With the paste-like coating of powdered glass thus applied to the tube 26, the tube 26, with or without the rod 25 therein, is placed in a conventional lheating chamber, not shown, and fired -by heating the same t0 a temperature of approximately 1050 F. for a time period of approximately one hour. The exact temperatures and time cycles for tiring will, of course, vary somewhat for different types of glass powders which might be used. This fuses the coating 27 to the tube 26 and forms a contiguous glass cladding over the tube 26 to produce an assembly, such as shown in FIG. 4, when the rod 25 is within the tube 26.
Another method of preparing an assembly, such as shown in FIG. 4, is shown diagrammatically in FIG. 3 where, again, a rod 29 and tube 30 similar to the rod and tube 26 are assembled by placing the rod 29 within the tube 30. In the present case, however, a second sleeve or tube 31 of low melting leadcontaining glass or the like is fitted over the tube 30 to eventually become the outermost cladding 23 of the fiber 20 when the composite assembly of the rod 29 and tubes 30 and 31 are subsequently drawn to fiber size. The tube 31 is preselected to have a wall thickness proportionately controlled in accordance with the nal thickness desired of the outer cladding 23 of the fiber 20 4and is formed of a material having a lower melting temperature than the tube 30 and rod 29 combination.
By either of the two above-described methods, an assembly 24, such as shown in FIG. 4, can be formed wherein a core section 32 is surrounded by an inner cladding 33 having an outer cladding or tube 34, as the case may be, of glass material thereon. It is pointed out that the outer cladding 34 should have a melting point of from 50-100 F. lower than that of the inner cladding when both are at approximately the same conditions of fiber drawing viscosity.
After having `formed a glass assembly 24 by one or the other of the techniques shown in FIGS. l and 2, the assembly 24 is heated to a fibemirawing viscosity adiacent one of` its ends and drawn to fiber size preferably with means such as shown diagrammatically in FIG. 5. While it is obvious that a ber 20 may be drawn from an assembly such as 24 by hand or with many variations of the apparatus herein disclosed, it will be apparent that in order to produce a superior fiber 2|) of uniform cross-sectional size throughout its length, the fiber should be drawn at a continuous uniform precontrolled rate in accordance with the size desired of the fiber while the assembly 24 is lowered substantially in the direction of drawing continuously at a uniform slower rate also controlled in accordance with the size desired of the fiber.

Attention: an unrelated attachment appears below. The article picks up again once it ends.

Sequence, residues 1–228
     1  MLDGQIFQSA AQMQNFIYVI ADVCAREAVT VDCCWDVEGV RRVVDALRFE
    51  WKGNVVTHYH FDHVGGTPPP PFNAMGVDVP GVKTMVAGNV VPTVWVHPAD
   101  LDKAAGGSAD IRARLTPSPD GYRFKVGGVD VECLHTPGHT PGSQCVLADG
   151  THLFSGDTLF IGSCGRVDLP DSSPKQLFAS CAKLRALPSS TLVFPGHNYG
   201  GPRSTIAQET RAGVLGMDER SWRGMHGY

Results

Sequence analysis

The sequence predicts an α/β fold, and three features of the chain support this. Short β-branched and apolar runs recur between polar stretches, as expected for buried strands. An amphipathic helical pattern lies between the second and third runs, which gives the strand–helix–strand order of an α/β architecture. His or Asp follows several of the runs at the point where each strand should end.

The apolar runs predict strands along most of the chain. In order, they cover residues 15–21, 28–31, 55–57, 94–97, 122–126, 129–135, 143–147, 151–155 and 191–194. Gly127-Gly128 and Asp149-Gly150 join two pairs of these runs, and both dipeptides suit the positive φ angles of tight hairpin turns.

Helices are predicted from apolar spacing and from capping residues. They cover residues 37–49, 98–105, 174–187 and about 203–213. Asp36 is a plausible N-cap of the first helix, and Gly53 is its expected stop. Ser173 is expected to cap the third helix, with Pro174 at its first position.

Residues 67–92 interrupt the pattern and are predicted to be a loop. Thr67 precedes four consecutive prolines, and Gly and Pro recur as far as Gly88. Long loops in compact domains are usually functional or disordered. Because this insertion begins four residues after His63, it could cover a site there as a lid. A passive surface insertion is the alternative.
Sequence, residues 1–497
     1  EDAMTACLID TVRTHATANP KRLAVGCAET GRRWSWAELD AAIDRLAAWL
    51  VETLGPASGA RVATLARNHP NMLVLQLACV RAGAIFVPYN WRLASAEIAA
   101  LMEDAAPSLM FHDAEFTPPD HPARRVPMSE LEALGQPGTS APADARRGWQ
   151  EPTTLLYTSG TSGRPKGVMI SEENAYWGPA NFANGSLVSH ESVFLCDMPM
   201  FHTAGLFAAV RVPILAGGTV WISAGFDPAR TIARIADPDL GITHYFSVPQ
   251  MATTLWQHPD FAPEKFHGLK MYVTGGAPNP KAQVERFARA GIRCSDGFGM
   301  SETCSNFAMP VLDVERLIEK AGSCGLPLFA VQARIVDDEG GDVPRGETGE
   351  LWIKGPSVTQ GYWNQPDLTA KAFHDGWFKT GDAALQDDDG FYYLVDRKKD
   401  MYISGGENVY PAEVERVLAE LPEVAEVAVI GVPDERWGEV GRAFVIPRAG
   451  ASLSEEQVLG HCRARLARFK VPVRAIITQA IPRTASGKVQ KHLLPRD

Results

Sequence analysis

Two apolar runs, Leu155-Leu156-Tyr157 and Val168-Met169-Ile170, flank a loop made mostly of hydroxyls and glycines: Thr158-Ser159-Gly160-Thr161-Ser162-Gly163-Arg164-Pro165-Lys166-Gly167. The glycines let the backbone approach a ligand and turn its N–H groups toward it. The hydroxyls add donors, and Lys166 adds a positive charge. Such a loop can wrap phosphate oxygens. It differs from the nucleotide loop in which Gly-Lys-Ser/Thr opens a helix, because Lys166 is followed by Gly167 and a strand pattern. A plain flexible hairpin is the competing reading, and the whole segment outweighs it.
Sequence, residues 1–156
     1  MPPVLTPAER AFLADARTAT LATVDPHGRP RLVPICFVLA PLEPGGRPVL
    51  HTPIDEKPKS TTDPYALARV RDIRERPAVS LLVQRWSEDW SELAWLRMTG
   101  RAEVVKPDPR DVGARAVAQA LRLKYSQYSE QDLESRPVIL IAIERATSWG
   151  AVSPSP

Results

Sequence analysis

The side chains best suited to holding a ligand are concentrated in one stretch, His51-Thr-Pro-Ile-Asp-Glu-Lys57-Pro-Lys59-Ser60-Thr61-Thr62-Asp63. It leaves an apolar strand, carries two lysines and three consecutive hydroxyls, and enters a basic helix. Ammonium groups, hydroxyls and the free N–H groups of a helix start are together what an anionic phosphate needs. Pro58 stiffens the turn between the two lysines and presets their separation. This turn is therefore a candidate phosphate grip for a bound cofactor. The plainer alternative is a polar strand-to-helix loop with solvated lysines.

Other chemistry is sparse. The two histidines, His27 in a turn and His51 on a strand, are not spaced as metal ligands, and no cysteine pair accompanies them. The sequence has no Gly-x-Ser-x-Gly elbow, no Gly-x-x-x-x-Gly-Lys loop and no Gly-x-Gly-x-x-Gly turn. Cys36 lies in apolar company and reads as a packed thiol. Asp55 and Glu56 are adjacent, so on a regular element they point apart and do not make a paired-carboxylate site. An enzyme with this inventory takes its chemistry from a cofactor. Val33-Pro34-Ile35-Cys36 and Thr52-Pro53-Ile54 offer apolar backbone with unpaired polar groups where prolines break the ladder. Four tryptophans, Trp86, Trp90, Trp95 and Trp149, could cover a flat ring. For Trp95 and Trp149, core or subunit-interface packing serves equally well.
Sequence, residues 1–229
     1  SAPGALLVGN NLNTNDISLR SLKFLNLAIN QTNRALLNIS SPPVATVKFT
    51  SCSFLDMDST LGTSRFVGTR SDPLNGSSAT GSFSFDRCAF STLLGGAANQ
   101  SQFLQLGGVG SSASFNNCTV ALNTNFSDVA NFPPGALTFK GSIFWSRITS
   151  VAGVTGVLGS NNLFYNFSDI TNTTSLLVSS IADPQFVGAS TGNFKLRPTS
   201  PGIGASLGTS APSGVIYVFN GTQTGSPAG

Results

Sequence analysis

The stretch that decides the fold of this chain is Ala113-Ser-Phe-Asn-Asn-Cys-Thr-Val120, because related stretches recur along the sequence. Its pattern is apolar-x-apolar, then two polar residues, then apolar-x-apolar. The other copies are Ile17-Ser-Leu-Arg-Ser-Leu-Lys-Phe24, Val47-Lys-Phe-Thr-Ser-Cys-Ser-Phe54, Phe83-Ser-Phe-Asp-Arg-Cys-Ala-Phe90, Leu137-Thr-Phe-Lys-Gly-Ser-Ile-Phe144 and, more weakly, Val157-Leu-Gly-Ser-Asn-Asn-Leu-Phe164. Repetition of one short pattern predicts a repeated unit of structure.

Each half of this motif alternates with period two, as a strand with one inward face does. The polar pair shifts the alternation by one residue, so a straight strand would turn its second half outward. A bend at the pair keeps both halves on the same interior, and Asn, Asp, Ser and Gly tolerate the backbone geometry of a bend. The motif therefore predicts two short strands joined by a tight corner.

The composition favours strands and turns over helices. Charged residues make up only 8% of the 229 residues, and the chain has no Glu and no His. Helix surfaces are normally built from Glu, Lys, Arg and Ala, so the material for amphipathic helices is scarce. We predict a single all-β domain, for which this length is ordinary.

The apparatus of FIG. 5, which is shown for purposes of illustration, embodies a base 35 having a vertically extending column 36 thereon fastened at one end 37 to the base 35 and at its opposite end 38 to the ceiling 39 of a room in which the apparatus is used. Alternatively, the end 38 of the column 36 may be supported from the base 35 with suitable brackets or the like, not shown, if it is so desired. A slide 40 is mounted on the column 36 with suitable conventional bushing `means 41 so as to permit the slide 40 to be movable along and guided by the column 36 by means of a rotatable lead screw 42 passing through an extension of the slide 40 in which the screw 42 is threadedly engaged. The lead screw 42 is supported in parallel relation with the column 36 by a socket-like connection 44 fastened to the ceiling 39 and bearing means 45 in the base 35. The slide 40 is moved along the column 36 by operation of a drive motor 46 which, by means of a belt and pulley arrangement 47,and conventional speed-reduction gearing within a gear box 48 along with interconnecting gears 49 between the reduction gearing and the lead screw 42, causes rotation of the lead screw 42. At the end of the slide 40 opposite to its connection with the lead screw 42, there is provided a clamp 50 in which one end of the glass assembly 24 is secured, as shown, and a vacuum line 51 from a conventional vacuum pump or the like, not shown, is provided to evacuate air or gases from between parts of the glass assembly during the fiber drawing operation. As shown diagrammatically, communication between one end of the assembly 24 and the vacuum line is made through openings 52 in the slide 40.
On the column 36, between the slide 40 and the base 35, there is provided a shelf-like bracket 53 having an opening 54 therethrough in substantially coaxial alignment with the glass assembly 24. The bracket 53 is clamped to the column with screws or the like 55 and provides means upon which a ring-like glass heating furnace 56 is supported. The furnace 56 may be of any wellknown design preferably embodying a ring-like electrical heating element in approximately coaxial alignment with the opening 54 by means of which the material of the glass assembly 24 can be heated to a fiber-drawing viscosity when passed axially therethrough, as illustrated.